Controlling oil fields does not automatically bring gain to terrorist groups such as Islamic State (IS) if the oil can only be sold illegally in the market place. Given that there is a black market for stolen crude, it is instructive to examine how these illegal methods, which can involve unwitting legitimate companies, terrorist affiliates and other entities are involved in the trade in the cases of Turkey and Mexico.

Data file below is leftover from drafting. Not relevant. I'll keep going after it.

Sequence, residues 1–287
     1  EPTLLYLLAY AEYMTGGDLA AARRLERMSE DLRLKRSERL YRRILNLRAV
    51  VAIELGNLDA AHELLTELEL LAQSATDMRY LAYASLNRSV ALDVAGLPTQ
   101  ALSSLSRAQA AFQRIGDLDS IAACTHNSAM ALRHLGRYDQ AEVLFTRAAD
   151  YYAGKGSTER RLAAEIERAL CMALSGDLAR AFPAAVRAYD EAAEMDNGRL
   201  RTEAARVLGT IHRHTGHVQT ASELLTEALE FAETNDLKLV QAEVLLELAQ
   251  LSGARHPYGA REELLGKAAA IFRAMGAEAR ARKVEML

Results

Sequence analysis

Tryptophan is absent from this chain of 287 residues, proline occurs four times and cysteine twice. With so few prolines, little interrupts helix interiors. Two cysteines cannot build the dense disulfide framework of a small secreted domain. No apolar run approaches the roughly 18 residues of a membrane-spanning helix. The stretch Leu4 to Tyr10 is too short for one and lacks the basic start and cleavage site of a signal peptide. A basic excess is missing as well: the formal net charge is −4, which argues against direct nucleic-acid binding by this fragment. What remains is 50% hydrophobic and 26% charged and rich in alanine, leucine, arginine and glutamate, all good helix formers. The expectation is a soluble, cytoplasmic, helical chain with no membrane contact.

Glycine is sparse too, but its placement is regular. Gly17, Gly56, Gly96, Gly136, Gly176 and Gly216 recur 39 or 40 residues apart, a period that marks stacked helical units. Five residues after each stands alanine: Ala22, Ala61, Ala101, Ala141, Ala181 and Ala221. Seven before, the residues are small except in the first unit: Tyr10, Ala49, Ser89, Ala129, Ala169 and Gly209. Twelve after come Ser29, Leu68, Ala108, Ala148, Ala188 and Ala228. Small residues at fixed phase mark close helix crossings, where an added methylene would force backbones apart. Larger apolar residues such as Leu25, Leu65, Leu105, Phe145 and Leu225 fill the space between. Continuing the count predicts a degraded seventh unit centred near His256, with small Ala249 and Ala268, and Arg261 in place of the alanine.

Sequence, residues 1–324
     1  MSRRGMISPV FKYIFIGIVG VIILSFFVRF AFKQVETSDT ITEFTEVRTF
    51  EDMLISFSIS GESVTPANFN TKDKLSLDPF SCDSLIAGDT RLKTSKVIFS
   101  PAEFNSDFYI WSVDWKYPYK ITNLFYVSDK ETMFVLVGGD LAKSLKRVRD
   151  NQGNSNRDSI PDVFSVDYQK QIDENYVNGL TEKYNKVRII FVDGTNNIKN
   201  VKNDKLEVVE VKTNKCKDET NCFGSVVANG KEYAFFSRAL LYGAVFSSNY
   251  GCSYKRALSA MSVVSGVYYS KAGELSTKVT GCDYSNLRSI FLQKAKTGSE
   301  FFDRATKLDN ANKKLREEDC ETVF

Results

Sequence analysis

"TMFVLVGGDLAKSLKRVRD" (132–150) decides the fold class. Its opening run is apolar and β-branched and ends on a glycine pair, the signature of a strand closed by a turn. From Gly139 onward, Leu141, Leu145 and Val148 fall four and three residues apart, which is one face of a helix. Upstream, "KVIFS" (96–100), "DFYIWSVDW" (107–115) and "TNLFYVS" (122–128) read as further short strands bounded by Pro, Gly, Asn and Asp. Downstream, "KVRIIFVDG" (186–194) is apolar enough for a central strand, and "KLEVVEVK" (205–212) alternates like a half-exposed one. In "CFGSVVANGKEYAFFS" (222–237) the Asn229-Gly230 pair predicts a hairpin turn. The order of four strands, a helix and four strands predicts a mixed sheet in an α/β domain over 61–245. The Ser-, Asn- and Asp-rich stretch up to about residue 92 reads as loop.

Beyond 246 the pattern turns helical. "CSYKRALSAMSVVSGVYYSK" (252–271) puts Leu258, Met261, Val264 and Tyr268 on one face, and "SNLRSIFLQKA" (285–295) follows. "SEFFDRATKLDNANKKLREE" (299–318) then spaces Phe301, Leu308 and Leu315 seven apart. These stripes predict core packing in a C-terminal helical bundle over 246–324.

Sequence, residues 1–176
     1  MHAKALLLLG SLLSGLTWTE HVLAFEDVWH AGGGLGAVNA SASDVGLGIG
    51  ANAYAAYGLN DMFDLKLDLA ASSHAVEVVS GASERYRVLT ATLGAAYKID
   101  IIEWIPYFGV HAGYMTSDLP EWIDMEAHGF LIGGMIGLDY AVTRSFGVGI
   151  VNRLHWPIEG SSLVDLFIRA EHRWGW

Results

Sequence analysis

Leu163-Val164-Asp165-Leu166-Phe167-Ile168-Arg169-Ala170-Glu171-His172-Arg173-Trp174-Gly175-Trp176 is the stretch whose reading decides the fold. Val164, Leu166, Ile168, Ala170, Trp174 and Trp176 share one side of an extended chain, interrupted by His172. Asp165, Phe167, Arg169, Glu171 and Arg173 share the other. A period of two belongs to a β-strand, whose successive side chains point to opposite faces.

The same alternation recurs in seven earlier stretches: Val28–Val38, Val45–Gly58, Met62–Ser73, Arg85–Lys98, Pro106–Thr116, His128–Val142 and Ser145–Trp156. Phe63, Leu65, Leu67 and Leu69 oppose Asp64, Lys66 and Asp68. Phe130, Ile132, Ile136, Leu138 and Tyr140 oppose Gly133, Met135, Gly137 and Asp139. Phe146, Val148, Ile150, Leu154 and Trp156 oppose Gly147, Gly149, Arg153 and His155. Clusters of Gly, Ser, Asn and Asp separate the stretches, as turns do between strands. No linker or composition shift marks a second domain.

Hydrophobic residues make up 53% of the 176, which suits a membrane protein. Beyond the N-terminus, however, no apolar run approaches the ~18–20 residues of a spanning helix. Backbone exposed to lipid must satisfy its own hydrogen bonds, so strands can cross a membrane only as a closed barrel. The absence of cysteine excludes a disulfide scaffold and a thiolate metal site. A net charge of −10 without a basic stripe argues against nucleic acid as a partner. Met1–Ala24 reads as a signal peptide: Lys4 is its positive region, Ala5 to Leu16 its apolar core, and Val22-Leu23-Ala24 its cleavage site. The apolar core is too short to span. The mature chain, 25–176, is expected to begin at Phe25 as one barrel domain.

In the case of Turkey, IS has used existing smuggling networks to generate funds for their operations. The illegally shipped fuel is sold in Turkey at below-market prices with a resultant loss for government revenue. In the case of Mexico, oil production suffers from theft to the extent of large-scale schemes involving drug trafficking organizations and high-level corruption. A significant factor in the high levels of theft of oil and natural gas is the extent to which the country’s national oil company, Pemex, has been exploited by criminal gangs that sell stolen hydrocarbons both within Mexico and to a range of illegal and legal buyers, including US-based entities.